It has been shown that white coats wore by Medical staff which thought to bring authority and distinction to the medical profession becoming a source of nosocomial transmission of pathogenic microorganisms. In this study we evaluate the different kinds of microorganisms and their intensity present on the white coats of doctors and paramedical staff. In this study we used 100 more than 15 days unwashed white coats which were used and hanged in hospital environment and 100 washed within 15 days and not placed in hospital. The aim of this study was to assess the risk of transmission of pathogenic microorganisms by wearing coats of Doctors and paramedical staff in a hospital environment as well as a comparison of microbial load also being studied between unwashed and home laundered white coats. In this Cross sectional analysis samples were taken through moist swabs from two different areas of the white coat (Pocket and Sleeves) wearing by doctors and lab staffs in different hospital in Karachi, Pakistan. Sample processed in the Microbiology department at Jinnah University for Women according to standard procedures. It was observed that unwashed sleeves and pockets of coats were highly contaminated areas. Bacteria were isolated from the collected samples. In gram positive bacteria 70% Staphylococcus aureus and 30% Staphylococcus coagulase negative bacteria were isolated. In gram negative bacteria 35% Klebsiella, 10% E.coli, 10% Enterobacter, 10% Shigella and 5% Salmonella were isolated while 30% show no growth.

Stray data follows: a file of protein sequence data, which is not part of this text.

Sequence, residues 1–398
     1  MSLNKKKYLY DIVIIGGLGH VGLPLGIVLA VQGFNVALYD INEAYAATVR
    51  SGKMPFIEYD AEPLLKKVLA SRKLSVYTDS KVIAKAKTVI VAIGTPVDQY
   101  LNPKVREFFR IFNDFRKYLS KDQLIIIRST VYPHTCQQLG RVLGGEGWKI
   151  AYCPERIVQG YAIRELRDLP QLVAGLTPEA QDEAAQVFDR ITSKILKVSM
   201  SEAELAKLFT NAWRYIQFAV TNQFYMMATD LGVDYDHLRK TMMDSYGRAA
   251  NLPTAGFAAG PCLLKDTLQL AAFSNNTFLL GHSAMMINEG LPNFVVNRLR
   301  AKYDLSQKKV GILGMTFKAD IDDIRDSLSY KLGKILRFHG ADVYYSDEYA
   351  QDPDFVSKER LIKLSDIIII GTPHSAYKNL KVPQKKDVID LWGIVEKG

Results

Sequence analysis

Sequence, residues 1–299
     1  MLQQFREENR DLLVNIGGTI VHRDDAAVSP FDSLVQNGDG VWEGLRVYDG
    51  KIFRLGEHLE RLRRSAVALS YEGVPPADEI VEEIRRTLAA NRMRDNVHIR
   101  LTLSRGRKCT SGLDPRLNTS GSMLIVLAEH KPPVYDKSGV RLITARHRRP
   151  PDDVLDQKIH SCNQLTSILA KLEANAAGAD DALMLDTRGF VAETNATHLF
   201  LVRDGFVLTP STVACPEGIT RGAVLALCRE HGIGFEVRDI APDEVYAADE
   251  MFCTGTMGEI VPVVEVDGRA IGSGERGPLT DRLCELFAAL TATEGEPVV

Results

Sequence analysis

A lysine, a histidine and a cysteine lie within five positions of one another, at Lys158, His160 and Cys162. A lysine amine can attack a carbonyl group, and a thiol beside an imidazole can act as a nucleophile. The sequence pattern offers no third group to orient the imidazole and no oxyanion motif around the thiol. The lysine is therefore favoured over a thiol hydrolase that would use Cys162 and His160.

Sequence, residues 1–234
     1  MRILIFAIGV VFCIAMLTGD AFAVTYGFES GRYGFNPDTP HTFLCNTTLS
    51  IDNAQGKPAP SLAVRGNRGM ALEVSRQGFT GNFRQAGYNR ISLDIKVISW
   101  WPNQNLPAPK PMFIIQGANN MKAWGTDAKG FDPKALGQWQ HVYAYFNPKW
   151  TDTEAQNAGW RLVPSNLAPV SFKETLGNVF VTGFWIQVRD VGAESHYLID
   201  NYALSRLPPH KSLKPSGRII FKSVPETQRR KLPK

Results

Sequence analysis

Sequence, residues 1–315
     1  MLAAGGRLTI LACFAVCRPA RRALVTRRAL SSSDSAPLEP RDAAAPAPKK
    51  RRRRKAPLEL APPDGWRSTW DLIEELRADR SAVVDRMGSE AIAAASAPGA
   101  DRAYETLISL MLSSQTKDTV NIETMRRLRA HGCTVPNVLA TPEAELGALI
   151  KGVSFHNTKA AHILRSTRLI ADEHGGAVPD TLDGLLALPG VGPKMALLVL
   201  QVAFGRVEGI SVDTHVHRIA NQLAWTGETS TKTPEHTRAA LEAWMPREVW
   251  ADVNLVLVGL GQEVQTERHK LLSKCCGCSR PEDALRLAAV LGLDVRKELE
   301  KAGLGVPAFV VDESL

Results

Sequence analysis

Keywords: White coat, Nosocomial infection, Bacterial contamination, non-clinical areas.

To cite this article:  Hamid, M., Nawaz, B., Afshan, N., 2016. White Coats: A Possible Source of Nosocomial Infections. PSM Biol. Res., 01(1): 01-05.

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